Try writing a poem that begins with a specific setting where you remember a crucial moment in your life taking place. Before even beginning the poem itself, write a paragraph where you recall all the sensory details of that place. Then, select the most potent details to use as the beginning of the poem.

Be Specific & Active About Your Experiences

Poems become overly sentimental, corny, or unreal when writers speak using abstract terms instead of concrete details. One thing I try to do is avoid the use of any “feeling words” when I write. If a character feels sad in a story I’m writing, I don’t write, “She felt sad.” I instead try to tease out what sadness would feel like and how she would uniquely experience it.

I am aware that in “Anger,” Bernard breaks this rule by using her overarching emotion as the title of the poem. However, because she is describing a series of events in her life connected by this emotion, I think it makes for a fitting title.

By describing these events, she gives embodiment to her anger, and at the end of the poem, when she ties all these experiences together by responding to the emotion itself, we have a clear idea of where she’s coming from.

Use not just specific language, but active language, particularly if you are writing about people doing things. Choose punchy, ultra-specific verbs that fit the tone of the poem and what the people are doing.

You Don’t Have to Use Metaphors

I was in a writing class recently where a woman said she struggled to come up with metaphors that didn’t sound forced. I was glad she asked this question, because I have felt this way about my own figurative language in the past.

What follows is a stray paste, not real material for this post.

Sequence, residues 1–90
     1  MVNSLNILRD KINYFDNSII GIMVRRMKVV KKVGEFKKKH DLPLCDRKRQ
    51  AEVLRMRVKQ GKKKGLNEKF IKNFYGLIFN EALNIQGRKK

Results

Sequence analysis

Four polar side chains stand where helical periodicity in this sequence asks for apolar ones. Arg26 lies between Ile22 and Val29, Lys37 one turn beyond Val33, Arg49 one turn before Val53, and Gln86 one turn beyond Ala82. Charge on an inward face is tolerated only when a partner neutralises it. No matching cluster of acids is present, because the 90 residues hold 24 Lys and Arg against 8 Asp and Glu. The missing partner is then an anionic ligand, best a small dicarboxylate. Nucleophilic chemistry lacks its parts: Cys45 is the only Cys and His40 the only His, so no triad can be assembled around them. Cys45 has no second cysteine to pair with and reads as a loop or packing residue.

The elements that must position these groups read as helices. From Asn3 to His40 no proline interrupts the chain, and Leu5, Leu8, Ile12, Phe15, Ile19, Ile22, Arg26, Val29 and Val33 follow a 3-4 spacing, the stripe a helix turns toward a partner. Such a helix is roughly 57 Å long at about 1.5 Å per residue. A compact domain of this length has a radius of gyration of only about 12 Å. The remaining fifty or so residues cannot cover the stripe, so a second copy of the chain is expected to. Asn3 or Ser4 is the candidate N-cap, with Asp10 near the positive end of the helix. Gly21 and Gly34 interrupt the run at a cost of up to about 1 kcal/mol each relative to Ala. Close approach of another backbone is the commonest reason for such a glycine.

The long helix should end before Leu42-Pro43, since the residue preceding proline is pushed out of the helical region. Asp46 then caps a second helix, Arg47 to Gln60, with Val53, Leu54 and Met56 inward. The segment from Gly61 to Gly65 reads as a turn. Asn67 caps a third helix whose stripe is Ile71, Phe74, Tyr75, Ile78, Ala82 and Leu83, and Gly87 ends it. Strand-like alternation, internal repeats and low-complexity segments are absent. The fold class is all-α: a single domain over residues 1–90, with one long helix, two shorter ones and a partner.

Our instructor then offered some of the most empowering writing advice I’ve ever heard.

If you can’t come up with a good metaphor, don’t use one.

There is nothing worse than a bad metaphor. If you try to construct one yourself rather than letting it arise organically from the concrete details and images you’ve already laid down, your metaphors will detract from the piece, not contribute to it.

Telling readers what is physically there is always more effective than trying to set up a comparison to something else. If the metaphor is bad, you’re just asking the reader to do more work.

Metaphors also tend to veer into the abstract, when as we’ve just established, the most powerful poetry fully dwells in the concrete.

Be Yourself

This is the most important piece of advice I can give you: just be you in your poems.

Poetry gets corny and oversentimental when readers can sense that you’re trying to do what is expected of you.

Describe your emotions. Describe what you see through your eyes. Tell readers what makes you feel certain feelings in the unique way life has led you to do so.

Readers can tell when you aren’t being honest, and poetry is a place where honesty is expected.

Your life experiences, values, and beliefs have created a voice that only you can express. Being honest with readers and being yourself are the first steps to unlocking it.

Want more information on how to find your unique way to write poetry?

That’s what the Ultimate Poetry Workbook is for.

This FREE workbook contains poetry prompts, lessons, exploration of topics, and more to help you discover your voice so you can begin writing powerful poetry.

Plus: You’ll get a bonus complimentary consultation so you can start putting your new tools to work immediately.